June 19, 2024
Another ten top indie titles you need to be aware of, all nicely collected for your ease of viewing in no particular order.

We have demo fatigue after the last few days. Steam has outdone itself with this Games Festival. The sheer amount of games means that every time you load it up, the algorithm shows you new stuff you’ve never seen before, and virtually every one of them is playable, at least until today. There are hundreds of games and I’d be here until this time next year doing them all one list of ten at a time. So this is our pick of another ten that deserve your attention and that we hope, come release, will live up the hype of June 2020. Is it just me getting hyped in my own little bubble? Who knows?

Check this action out. Some of these have demos and some have had slightly earlier announcements but all deserve a place on Part Four of our Hotshots Roundup!

Developers Exbleative have said that Dear Esther was a big inspiration on the development of Exo One. On the surface, that seems like a weird claim. What does a game about a flying alien orb have to do with a walking simulator? After playing the demo, the similarities become clear. A game that has limited yet mesmerising interactivity, it delivers a narrative as you traverse alien terrains just by clicking the mouse. The game looks brilliant, even on my potato laptop and I can’t wait to see where the plot takes Exo One when it releases on Steam later this year. You can try the demo for one more day.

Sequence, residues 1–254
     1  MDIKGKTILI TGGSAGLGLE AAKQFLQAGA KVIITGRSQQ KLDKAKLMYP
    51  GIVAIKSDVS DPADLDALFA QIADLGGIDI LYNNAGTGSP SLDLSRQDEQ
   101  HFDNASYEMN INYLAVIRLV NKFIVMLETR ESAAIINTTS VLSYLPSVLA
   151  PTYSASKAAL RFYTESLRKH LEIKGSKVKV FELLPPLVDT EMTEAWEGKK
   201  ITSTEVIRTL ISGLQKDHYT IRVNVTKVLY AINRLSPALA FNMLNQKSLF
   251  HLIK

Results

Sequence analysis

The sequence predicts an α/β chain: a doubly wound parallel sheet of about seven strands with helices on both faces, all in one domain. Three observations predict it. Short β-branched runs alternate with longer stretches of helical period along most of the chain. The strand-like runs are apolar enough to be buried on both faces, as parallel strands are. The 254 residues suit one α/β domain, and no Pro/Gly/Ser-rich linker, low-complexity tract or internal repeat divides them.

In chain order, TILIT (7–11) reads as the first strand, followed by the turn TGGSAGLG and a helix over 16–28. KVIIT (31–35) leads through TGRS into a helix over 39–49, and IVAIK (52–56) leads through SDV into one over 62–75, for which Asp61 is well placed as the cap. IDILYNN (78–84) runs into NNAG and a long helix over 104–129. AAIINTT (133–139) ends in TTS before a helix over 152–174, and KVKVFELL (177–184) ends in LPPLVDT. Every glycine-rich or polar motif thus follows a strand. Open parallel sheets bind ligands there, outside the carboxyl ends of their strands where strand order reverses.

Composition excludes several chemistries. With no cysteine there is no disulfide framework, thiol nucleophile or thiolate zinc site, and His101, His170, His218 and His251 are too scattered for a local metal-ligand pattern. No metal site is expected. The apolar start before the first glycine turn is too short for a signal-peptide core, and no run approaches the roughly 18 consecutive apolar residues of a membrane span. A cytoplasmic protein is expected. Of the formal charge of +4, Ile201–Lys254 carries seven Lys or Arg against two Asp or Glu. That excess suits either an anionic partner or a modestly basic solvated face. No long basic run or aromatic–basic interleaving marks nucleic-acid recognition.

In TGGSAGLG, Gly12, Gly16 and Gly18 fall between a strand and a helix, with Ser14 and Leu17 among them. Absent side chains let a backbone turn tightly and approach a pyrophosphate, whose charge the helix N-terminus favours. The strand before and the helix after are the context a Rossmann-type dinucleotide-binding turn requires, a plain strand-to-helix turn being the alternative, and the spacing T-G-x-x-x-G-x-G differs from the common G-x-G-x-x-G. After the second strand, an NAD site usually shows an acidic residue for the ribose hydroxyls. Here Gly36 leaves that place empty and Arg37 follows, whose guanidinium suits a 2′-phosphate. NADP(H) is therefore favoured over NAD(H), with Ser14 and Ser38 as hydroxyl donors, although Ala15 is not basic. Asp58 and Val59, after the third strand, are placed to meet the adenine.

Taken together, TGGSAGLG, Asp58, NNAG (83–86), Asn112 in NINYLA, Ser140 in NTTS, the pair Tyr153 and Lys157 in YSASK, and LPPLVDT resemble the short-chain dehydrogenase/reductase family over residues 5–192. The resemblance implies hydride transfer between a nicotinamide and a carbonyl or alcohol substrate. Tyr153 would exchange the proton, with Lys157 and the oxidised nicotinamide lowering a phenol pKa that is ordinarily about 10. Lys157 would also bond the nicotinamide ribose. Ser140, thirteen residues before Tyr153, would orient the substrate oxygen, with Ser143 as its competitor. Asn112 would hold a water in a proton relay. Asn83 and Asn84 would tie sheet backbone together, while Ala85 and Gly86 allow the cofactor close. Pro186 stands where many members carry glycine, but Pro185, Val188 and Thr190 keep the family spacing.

Windbound is like Breath of the Wild, by way of Wind Waker and its got all the cell-shading, ancient blue neon tech, and heart of both those games. But what’s great is this one won’t just be stuck on a Nintendo system. It’s also got a healthy dose of Moana with its Polynesian sailing mechanic, and it looks glorious.

You can brave the Storm with Windbound on Switch, Steam, Xbox One, PS4 and Stadia on August 28th 2020. There’s even preorder bonuses.

One of the biggest announcements in the indie scene this month is The Riftbreaker, and its a popular one, riding high up Steam’s combined wishlist. A top-down mech twin-stick shooter and a base-building tower defense all at once, the Riftbreaker has AAA graphics in a package that will please any indie lover. Battle hordes of swarming aliens reminiscent of Starcraft, but in a fast action shooter.